• The son of former Atlanta Braves infielder Keith Lockhart is fighting for his life after he was hit in the face with a baseball.According to a post by the family on social media, Jason Lockhart, 15, was hit on June 17 when he was playing in a baseball tournament in South Carolina.Channel 2 Action News has learned when Lockhart touched home plate, the catcher was throwing the ball back to the pitcher. It hit Jason in the face, breaking his nose.In a Facebook post written by his sister, we learned Jason was initially given stitches but on June 19 when he visited the doctor's office for X-rays, his nose began to bleed profusely. Doctors could not stop the bleeding and even after going to urgent care, he was ultimately taken to the Scottish Rite hospital in Atlanta.A CT scan determined the fracture was more severe than doctors originally thought. The results showed a laceration on his artery. Sydney Lockhart says a surgeon was brought in to stitch up a laceration in his nose and reset his broken nose the next day.In an update on Wednesday, Sydney Lockhart wrote that an artery was cut by the fracture and Jason was sedated for two days. He was put on a ventilator to help his body rest but the bleeding continued.On Friday, he was heavily sedated in a paralytic state and put on life support so doctors could monitor and contain any bleeding. In Facebook post written by his mother, she said doctors determined the blood was coming from his nose, not his brain. Jason also developed a fever, which doctors say is common when the body is fighting a condition as severe as this.Jason was originally scheduled to have surgery Monday but doctors have moved it to Tuesday according to his sister's Facebook page. Sydney Lockhart says although there was no bleeding since Sunday's surgery, his body is responding a bit slower than anticipated. Doctors are also backing off several medications, according to the post written Monday afternoon.The procedure is to remove and replace packing in his nose and will closely look inside to figure out if there is an area behind the packing that could cause more bleeding. TRENDING STORIES: From Mexico to metro Atlanta: Bust nets $1M in meth, $250K in cash Teen missing for more than a year found at Duluth home Police continue to search for duo seen punching woman, daughter Support has been flooding social media with messages from inside the baseball community to friends and family.Keith Lockhart played several seasons for the Braves.Braves Vice Chairman John Schuerholz issued a statement on Twitter offering prayers for Jason and his family and encouraged fans to do the same.The family asks for prayers and support saying:We are really staying positive that this is the best way to give Jason the most comfort possible and the least stress. Thank you again for standing with us in the biggest and scariest situation our family has ever encountered. With Love and Appreciation, The Lockhart family Our top 3 requests or goals right now are: 1. Keeping Jason at this calm paralytic state with no movements 2. No bleeding 3. Making it to Monday and letting Jason's body do all the clotting itself Thanks so much for all the outpouring prayers & support for Jay. It's been rough, a few surgeries but we're confident he's going to be ok.-- Keith Lockhart (@klocky7) June 24, 2017 Jason had a good night last night still had some bleeding but manageable no surgery. Hoping and praying for the same today.#staystrongJ-- Keith Lockhart (@klocky7) June 24, 2017 Jason just came out of surgery Dr.'s located 3 areas of bleeding &stopped the flow of blood. We are all encouraged about today!#staystrongJ-- Keith Lockhart (@klocky7) June 25, 2017 I don't think y'all understand how much of a champion this child is 💛 pic.twitter.com/TaGn7XPFq5-- syds (@SydneyLockhart) June 21, 2017 Braves Vice Chairman John Schuerholz statement on Jason Lockhart, son of Braves alumni @klocky7: pic.twitter.com/JiIxyZgoN1-- Atlanta Braves (@Braves) June 26, 2017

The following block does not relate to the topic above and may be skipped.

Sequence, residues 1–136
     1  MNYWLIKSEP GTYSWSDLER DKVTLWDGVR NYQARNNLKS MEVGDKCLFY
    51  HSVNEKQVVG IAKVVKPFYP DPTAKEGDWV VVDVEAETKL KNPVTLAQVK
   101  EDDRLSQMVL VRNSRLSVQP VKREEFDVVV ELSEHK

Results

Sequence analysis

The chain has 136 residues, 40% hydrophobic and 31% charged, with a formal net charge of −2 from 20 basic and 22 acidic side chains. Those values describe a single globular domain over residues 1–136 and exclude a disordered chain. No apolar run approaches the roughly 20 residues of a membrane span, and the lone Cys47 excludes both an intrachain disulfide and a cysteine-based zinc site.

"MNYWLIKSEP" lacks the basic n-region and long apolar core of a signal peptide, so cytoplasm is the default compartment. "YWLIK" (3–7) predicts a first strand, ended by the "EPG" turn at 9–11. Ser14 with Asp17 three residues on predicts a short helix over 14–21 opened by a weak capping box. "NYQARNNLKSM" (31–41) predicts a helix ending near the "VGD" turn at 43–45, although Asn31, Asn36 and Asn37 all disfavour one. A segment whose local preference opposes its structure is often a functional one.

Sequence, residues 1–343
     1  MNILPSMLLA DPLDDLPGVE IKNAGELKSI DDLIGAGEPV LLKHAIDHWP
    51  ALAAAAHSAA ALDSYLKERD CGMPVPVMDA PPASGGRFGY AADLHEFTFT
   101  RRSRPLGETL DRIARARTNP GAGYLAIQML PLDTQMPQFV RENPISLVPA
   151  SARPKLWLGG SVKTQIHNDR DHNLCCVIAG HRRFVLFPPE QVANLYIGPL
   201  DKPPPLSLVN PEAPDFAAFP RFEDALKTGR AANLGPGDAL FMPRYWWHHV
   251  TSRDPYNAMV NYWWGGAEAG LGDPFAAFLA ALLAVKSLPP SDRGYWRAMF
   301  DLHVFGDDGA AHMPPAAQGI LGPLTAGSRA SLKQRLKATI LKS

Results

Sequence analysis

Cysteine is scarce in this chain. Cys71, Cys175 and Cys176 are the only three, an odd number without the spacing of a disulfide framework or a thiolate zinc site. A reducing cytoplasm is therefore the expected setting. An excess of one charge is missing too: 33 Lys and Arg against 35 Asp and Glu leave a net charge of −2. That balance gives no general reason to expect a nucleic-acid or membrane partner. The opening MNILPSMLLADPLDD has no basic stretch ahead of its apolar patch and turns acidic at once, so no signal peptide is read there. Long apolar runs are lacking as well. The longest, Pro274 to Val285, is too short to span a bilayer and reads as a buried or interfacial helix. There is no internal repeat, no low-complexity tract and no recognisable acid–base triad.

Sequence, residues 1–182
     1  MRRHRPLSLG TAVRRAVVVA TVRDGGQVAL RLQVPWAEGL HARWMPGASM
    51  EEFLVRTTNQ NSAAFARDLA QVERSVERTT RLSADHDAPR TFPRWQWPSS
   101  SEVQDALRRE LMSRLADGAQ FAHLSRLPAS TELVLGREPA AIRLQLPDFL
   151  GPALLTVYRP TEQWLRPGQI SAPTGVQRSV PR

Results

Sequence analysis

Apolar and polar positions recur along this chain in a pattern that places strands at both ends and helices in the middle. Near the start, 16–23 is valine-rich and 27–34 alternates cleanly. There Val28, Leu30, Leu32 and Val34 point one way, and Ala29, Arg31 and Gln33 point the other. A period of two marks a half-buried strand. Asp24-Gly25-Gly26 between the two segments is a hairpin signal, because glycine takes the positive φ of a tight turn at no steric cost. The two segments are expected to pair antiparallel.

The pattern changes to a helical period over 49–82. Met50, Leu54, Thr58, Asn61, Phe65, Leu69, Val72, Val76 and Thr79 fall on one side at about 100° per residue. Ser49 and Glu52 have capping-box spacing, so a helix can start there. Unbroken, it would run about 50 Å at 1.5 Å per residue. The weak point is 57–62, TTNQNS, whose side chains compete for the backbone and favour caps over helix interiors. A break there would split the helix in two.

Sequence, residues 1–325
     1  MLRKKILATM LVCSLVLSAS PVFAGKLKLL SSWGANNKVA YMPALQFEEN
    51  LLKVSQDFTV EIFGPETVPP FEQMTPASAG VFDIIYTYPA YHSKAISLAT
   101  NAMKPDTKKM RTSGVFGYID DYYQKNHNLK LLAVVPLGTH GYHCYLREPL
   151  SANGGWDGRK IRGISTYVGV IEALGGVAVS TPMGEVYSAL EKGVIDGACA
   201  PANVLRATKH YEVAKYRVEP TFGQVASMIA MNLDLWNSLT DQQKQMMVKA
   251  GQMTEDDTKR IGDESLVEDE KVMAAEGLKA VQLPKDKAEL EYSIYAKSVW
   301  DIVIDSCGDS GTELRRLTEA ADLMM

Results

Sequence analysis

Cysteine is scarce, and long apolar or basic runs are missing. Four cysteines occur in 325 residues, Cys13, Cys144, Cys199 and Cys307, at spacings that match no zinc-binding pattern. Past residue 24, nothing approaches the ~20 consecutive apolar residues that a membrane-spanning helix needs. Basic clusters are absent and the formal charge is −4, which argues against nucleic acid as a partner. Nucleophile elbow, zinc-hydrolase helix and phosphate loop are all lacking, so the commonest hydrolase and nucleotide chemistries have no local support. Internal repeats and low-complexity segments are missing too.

• Shoppers at a Walmart in Cocoa, Florida, expressed concern after learning that at least 17 registered sex offenders, some designated as sexual predators, listed the store as their home address. >> Read more trending news State law allows homeless sex offenders to use the address of the closest physical address for their registration. Most of the sex offenders listing the Walmart as their home address likely live across the street in a homeless camp set up in a wooded area, police said. Mother, and Walmart shopper, Heather Poole said she couldn’t believe so many sex offenders lived in such close proximity to a place children and families regularly visit. “We go there, like, 10 times a week,” Poole said. “We literally live right down the street. “It’s pretty scary, you know? We have kids and, you know, you don’t want (the sex offenders) being around and you don’t know who it is.” In a statement, Walmart said that the company goes to great lengths to keep shoppers safe. Walmart admitted, though, that it did not know about the homeless sex offenders using the Clearlake Road store as their home address. Walmart’s full statement: “We work to maintain a safe environment for our customers and associates. It’s disturbing to learn that convicted felons would list our store as their residential address. We condemn such a practice and must refer any other questions to local law enforcement.” According to the Cocoa Police Department, after registered sex offenders are released from prison, officers verify the address listed on their paperwork and check on the individual again in six months.